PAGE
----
Andy Murray closed the gap on Novak Djokovic at the top of the ATP rankings to pull within striking distance of the current world number one. The Serbian has been top of the standings for the past two years, but his position is under threat due to the form of the three-time Grand Slam winner.
Murray pulled within 2,500 points of Djokovic as a result of his victory over Roberto Bautista-Agut in the Shanghai Masters, his sixth tour title of 2016. A strong end to the campaign could see him overhaul the 29-year-old as early as November, should he claim the Erste Bank Open and BNP Paribas Masters titles, as long as Djokovic fails to reach the final in France, having already made the decision not to compete in Vienna.
Rounding the year off with another win at the ATP World Tour Finals would see Murray enter the first Grand Slam of 2017 at the Australian Open as world number one, where the latest Bet365 betting odds back him at 3/1 to claim the crown in Melbourne. The 29-year-old has been in excellent form this season, while taking advantage of a slight dip in the Serbian’s form, including his premature exit at Wimbledon, which allowed Murray to clinch his second championship at the All England Club.
Despite Murray’s strong end to the season, Djokovic continued to dominate their singles matches, beating the Scot in straight sets at the Australian Open, repeating his success of the 2011, 2013 and 2015 finals. The loss appeared to knock Murray’s confidence as he suffered early departures from Indian Wells and the Miami Open before returning to form in Monte Carlo, only to be beaten in the last four by a resurgent Rafael Nadal.
Murray secured only his second victory in 14 attempts against Djokovic at the Italian Open, but the Serb loomed large at the French Open, defeating the 29-year-old once again in a Grand Slam final, ending the Brit’s first charge into the championship game at Roland Garros.
Although Murray was defeated, the match proved to be the turning point of the year, and began his charge towards becoming world number one. Sam Querrey’s win over Djokovic at Wimbledon stunned the sport, given his dominance in Grand Slams, which allowed the Scot to go and clinch the crown without the challenge of facing his nemesis on Center Court.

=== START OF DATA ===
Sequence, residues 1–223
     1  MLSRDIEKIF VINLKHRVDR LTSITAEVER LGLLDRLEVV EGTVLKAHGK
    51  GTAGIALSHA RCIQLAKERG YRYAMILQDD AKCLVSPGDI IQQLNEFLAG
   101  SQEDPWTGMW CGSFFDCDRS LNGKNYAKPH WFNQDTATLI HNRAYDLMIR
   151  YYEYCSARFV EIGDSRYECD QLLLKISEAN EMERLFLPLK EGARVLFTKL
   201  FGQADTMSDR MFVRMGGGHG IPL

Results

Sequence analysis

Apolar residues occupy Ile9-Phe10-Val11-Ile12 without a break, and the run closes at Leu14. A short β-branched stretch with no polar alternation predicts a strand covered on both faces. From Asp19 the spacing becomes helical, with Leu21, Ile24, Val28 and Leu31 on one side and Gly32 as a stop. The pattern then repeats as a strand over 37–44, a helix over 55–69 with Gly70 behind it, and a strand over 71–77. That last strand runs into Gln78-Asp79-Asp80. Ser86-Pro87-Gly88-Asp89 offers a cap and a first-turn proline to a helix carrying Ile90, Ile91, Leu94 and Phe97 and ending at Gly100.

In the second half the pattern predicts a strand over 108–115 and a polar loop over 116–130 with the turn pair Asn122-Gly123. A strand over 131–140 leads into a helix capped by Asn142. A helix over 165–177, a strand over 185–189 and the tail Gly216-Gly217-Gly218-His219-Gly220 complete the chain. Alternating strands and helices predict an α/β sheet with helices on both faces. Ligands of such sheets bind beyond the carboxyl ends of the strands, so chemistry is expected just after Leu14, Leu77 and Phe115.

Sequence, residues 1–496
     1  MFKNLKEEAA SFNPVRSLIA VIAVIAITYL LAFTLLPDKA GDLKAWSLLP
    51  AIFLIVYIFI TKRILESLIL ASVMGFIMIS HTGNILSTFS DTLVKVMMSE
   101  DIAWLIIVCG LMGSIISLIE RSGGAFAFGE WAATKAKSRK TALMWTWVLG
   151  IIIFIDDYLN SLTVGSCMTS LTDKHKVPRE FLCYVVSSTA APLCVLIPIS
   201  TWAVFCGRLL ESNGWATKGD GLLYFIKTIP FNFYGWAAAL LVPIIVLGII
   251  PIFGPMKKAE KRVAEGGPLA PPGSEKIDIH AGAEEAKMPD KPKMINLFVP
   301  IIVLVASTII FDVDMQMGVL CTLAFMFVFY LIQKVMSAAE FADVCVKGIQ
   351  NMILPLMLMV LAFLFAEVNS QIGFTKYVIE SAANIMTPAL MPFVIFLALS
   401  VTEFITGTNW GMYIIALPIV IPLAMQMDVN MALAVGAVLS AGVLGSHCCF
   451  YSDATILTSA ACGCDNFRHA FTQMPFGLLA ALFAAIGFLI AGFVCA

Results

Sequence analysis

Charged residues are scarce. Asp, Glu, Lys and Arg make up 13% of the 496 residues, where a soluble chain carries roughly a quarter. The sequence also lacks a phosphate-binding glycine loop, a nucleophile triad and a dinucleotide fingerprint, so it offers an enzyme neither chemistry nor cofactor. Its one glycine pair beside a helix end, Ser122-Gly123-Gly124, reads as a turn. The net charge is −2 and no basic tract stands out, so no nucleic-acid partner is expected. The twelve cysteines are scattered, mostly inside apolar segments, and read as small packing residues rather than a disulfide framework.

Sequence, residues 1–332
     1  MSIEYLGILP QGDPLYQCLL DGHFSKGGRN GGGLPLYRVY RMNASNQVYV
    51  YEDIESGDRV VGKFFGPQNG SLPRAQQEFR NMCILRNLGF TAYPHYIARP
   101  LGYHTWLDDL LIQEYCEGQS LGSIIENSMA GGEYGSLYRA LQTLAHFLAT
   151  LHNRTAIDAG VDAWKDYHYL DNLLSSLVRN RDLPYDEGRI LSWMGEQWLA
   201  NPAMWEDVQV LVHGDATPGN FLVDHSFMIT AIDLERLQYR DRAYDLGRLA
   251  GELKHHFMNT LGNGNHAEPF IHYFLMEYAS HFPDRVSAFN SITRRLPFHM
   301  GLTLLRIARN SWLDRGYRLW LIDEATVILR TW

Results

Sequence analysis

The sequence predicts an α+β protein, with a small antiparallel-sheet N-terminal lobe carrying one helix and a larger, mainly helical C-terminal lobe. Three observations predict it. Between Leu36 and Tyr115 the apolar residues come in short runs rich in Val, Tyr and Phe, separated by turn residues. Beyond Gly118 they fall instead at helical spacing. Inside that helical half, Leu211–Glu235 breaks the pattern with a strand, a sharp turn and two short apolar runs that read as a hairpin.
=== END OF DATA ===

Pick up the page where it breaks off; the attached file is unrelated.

The Serb failed to rise to the occasion at the Olympics, losing in the first round to Juan Martin Del Potro, who was beaten in the final by Murray as he claimed the gold medal for the second Games on the spin.
Fatigue appeared to catch up with the Scot following his win in Rio, losing in the final of the Cincinnati Masters to Marin Cilic, while Kei Nishikori dumped him out in the last eight of the US Open. However, Djokovic failed to make the most of his failures, as he did not compete in the Western & Southern Open and was beaten in the final at Flushing Meadows by Stanislas Wawrinka.
Murray’s back-to-back triumphs in the China Open and the Shanghai Masters have now put him within distance of ending Djokovic’s time at the top, unless the Serb can rid himself of his slump. The Scot has the desire to overtake his rival, and although it will be extremely important for the Serb to maintain his crown, questions may rise whether he still has the same motivation as Murray to ensure that he remains on top of the men’s sport.